• Individually managed portfolio of stocks, bonds, and short-term investments with regular withdrawals
  • Variable annuities
  • Fixed-income annuities
  • Potential to generate income and growth
  • Automatic withdrawals may be possible
  • Flexible access to a portion of assets
  • Opportunity to cover essentials with annuity guarantees
  • Limited or no access to annuity assets
  • Investments subject to market risk; earnings and income will fluctuate
  • Possibility of outliving investment assets drawn down for income

These are just general examples of income strategies. The sustainability of a portfolio depends on the investor having the discipline to stick with his/her strategy, and will vary based on actual returns, withdrawals, and taxes.

Your mix

Everyone’s situation is unique, so there’s no one diversified income strategy that will work for all investors. You’ll need to determine what’s more important to you in retirement—growth potential, guarantees, flexibility, or potential preservation—to help you pinpoint the strategy that is right for you. For instance, more growth potential can mean settling for less guaranteed income. With more guarantees, you get less growth potential and less flexibility. Consider, too, your family’s history regarding longevity and whether you plan to leave a legacy to your heirs.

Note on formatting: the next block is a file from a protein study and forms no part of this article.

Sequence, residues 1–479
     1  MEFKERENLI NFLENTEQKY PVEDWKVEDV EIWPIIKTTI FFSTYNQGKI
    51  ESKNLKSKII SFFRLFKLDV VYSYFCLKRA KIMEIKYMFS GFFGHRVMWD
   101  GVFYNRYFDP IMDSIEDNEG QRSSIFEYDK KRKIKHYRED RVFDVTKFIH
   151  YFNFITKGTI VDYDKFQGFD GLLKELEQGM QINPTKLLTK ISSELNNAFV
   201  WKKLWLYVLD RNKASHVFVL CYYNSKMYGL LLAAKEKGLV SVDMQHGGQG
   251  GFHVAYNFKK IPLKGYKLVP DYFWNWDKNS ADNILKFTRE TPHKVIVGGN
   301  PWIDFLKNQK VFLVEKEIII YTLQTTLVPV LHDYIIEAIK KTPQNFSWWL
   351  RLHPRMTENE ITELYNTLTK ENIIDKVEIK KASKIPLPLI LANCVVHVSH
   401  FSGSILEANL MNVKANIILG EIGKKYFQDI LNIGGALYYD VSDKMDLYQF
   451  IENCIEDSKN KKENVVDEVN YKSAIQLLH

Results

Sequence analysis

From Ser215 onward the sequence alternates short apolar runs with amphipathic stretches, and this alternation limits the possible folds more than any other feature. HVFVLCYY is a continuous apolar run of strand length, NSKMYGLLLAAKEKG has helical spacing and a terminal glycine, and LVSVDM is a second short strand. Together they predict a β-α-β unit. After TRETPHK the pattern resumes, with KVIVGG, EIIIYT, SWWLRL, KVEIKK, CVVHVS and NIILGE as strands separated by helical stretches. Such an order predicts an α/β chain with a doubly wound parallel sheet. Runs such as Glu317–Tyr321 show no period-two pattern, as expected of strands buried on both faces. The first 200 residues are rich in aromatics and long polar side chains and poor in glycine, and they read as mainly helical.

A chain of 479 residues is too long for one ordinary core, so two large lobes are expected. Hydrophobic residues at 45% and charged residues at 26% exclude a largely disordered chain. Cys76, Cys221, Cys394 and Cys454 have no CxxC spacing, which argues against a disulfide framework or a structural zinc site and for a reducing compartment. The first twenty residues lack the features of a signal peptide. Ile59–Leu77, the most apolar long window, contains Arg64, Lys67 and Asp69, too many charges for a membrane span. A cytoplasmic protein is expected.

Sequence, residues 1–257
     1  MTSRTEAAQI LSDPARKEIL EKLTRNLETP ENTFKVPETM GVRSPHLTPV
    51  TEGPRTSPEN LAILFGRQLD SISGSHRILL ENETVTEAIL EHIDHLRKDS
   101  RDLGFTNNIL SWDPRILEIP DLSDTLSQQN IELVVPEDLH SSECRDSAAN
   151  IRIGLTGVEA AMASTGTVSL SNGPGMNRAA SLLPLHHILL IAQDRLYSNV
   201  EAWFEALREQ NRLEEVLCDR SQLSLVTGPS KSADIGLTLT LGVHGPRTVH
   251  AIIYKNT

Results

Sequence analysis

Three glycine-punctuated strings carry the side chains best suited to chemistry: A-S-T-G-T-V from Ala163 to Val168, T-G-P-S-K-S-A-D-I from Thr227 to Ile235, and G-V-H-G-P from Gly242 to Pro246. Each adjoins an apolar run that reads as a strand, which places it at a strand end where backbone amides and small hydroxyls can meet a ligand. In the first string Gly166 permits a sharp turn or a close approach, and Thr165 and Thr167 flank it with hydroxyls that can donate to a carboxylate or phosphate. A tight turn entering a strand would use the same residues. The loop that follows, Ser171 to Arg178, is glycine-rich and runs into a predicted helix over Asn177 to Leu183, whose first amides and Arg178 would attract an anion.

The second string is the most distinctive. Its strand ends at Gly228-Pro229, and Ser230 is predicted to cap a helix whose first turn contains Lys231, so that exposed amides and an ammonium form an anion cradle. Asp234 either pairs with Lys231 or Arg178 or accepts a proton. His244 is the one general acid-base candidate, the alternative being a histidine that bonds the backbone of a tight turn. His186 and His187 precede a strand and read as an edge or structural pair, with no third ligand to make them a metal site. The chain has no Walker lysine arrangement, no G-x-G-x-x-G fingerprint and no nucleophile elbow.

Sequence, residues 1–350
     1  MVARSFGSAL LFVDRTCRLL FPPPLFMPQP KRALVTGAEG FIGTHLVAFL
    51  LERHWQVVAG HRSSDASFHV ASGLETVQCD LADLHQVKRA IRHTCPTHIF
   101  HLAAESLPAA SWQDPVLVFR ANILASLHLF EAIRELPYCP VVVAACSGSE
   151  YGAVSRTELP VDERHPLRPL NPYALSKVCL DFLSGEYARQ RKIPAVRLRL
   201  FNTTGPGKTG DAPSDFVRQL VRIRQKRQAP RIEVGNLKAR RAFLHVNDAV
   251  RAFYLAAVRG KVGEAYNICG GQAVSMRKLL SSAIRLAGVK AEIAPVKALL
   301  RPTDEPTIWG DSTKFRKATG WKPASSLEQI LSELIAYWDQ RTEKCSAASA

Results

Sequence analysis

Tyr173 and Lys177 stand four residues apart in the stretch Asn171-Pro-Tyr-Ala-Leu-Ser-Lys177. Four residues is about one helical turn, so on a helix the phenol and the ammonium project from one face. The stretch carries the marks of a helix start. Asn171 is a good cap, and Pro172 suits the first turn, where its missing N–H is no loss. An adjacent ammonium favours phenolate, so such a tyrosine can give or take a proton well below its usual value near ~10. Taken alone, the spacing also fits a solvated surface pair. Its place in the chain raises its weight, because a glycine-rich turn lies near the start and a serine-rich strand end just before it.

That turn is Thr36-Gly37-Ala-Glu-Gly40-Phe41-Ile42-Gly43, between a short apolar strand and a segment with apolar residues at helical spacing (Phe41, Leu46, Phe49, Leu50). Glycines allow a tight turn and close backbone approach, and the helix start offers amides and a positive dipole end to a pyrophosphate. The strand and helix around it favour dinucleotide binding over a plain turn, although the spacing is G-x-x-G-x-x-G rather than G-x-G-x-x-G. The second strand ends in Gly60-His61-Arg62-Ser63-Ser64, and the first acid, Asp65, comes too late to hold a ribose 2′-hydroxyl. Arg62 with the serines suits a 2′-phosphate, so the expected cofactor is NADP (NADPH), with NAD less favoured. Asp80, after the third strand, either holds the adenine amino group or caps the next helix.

The following questions can help you get started on your own personalized income strategy:

  • Would you call yourself a sophisticated investor with many years of experience?
  • Are you willing to accept ups and downs in asset value and/or income value in exchange for potential growth?
  • Do you need income that is guaranteed to last for a lifetime?
  • To get guaranteed income, would you be comfortable giving up access to a portion of your assets?
  • How important is it to have your income protected from market downturns?
  • Are you willing to pay a fee for help managing your retirement portfolio?

Learn more

Retirement is a new and potentially long chapter of your life. Why not take the time to figure out how you want to live it? Then, develop a retirement income plan that helps you do that.